Battle Report: 26th November 1990
Indian ~vs~ Indian Mutineer
(Richard Avery ~vs~ Robert Avery)
After an initial clumsy disposition, the British formed two lines with their infantry and charged forward with their cavalry.
On the British right, the Lancers smashed two squadrons of Mutineer cavalry right off the field, and bounced the other two back, but were forced to retire due to casualties from smallarms fire.
On the British left, the Dragoons were smashed by the fanatical noble Tribal cavalry, but were managing to reform as the battle ended.
In the centre, the Mutineer infantry advanced until it came under serious artillery and skirmisher fire, with companies of Mutineers refusing to advance and even fleeing the field under the fire of the British 9lb-ers.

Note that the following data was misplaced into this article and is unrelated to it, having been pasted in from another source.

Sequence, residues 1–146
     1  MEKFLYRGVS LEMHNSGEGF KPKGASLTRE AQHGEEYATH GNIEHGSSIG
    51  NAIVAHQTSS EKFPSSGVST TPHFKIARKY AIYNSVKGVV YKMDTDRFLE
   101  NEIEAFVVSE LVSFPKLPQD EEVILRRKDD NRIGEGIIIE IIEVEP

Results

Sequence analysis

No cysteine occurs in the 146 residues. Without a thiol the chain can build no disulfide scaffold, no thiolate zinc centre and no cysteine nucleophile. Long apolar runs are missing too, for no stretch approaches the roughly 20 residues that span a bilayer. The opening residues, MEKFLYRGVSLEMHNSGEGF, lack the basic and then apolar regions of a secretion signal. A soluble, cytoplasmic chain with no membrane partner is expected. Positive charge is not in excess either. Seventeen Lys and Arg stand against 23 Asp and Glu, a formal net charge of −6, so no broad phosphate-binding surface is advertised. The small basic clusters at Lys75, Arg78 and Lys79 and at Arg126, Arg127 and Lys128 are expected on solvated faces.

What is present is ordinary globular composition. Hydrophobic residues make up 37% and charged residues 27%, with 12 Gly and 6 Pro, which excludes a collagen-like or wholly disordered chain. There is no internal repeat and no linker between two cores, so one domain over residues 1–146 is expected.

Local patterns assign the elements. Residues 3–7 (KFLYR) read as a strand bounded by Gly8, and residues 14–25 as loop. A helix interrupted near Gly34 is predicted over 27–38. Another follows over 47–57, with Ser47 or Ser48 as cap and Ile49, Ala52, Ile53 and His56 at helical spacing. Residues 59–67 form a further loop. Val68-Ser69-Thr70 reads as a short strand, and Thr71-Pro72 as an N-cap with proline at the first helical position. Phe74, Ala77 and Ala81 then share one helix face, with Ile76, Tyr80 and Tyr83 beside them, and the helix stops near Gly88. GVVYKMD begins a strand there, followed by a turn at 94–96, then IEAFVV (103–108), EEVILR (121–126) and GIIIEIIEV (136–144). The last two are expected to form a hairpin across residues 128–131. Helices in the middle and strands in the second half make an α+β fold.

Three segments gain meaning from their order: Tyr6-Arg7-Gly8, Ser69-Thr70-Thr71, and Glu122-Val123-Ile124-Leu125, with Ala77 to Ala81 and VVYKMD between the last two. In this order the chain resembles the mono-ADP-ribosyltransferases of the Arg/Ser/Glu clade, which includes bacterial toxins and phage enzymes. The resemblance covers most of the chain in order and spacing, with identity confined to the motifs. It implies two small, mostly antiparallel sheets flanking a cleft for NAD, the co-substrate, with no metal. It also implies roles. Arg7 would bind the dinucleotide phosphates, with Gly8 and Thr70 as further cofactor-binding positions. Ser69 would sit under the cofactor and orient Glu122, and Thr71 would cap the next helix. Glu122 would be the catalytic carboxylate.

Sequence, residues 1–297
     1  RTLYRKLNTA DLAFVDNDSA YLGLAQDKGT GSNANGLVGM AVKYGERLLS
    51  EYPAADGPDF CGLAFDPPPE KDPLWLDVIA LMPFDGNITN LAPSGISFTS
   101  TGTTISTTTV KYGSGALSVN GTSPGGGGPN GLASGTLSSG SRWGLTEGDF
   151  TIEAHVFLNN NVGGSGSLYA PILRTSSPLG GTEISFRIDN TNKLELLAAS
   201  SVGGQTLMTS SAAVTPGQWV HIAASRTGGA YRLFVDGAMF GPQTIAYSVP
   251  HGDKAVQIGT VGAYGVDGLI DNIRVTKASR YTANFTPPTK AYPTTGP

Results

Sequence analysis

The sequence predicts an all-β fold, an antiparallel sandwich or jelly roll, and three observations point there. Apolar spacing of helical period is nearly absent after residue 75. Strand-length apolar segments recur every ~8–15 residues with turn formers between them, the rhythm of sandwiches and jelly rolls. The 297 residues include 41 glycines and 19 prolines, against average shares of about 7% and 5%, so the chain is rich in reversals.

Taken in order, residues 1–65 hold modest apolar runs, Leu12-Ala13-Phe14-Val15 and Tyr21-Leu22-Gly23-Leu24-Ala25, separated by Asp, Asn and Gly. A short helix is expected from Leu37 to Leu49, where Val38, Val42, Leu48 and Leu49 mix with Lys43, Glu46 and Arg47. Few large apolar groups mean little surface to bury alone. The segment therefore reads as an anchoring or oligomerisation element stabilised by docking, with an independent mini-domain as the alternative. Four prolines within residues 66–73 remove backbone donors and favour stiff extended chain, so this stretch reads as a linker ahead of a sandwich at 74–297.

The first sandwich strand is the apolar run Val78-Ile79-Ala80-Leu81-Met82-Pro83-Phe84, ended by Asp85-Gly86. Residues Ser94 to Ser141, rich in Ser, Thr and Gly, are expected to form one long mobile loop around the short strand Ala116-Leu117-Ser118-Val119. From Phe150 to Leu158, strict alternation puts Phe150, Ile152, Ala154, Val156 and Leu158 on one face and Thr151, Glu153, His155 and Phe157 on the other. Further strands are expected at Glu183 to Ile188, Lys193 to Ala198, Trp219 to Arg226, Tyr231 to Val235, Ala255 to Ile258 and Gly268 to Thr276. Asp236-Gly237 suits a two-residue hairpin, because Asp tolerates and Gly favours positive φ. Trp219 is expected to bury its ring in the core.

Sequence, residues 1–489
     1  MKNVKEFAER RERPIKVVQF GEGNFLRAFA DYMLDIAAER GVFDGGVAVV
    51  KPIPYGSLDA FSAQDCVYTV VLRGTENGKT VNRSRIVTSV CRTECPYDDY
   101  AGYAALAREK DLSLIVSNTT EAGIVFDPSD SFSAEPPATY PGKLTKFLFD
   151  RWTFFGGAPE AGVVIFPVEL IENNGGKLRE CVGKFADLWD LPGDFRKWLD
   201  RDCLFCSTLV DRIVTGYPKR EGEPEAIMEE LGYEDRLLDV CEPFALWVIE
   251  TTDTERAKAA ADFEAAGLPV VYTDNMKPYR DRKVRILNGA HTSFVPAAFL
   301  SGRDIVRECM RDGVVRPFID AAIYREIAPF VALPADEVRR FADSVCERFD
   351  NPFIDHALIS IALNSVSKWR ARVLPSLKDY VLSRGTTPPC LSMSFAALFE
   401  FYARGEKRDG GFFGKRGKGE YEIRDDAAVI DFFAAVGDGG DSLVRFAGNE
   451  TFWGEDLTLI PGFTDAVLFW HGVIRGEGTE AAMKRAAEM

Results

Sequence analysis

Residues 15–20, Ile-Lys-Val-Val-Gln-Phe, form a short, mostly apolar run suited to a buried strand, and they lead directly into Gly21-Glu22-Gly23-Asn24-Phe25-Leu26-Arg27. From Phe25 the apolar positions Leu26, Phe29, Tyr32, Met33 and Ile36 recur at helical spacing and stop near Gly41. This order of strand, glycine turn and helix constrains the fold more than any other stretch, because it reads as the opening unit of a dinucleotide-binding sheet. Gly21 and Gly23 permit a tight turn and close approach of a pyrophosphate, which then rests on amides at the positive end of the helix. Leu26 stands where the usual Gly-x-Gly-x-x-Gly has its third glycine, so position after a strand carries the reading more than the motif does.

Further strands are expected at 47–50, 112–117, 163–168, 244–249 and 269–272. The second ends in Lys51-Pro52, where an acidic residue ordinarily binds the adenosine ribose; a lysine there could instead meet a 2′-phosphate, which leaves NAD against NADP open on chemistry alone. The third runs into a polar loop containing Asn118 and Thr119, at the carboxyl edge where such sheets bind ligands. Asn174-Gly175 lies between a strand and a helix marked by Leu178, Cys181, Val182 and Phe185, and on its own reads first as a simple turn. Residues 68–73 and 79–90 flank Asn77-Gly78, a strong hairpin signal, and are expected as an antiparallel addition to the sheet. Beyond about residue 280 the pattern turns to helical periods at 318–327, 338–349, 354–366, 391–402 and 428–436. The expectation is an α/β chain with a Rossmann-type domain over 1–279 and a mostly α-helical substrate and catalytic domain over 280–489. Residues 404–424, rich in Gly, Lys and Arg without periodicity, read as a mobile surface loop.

At this point both sides saw fit to retreat: time for tiffin in the British camp; bad omens in the Mutineer!
The Mutineer infantry sustained minor casualties across all companies, with the Mutineer cavalry routed but not damaged - as they ran away before impact. The noble Tribal cavalry also had slight casualties.
British infantry were largely untouched, although the British cavalry had
fairly heavy casualties.
draw, due to failure to finish.
Mutineers made the serious mistake of advancing: they should have waited for
the British to come to them. They also failed to capitalise properly on the
success of their cavalry and, in the end, were like targets in a shooting
gallery. Had the battle continued, they would have had to drastically change
tactics (i.e. occupy cover) to win.
It seems that unless one side has no ranged firepower, the advantage is with the defender or he who has the better artillery. Future scenarios may have to specify an attacker or defender in order to avoid endless artillery duels.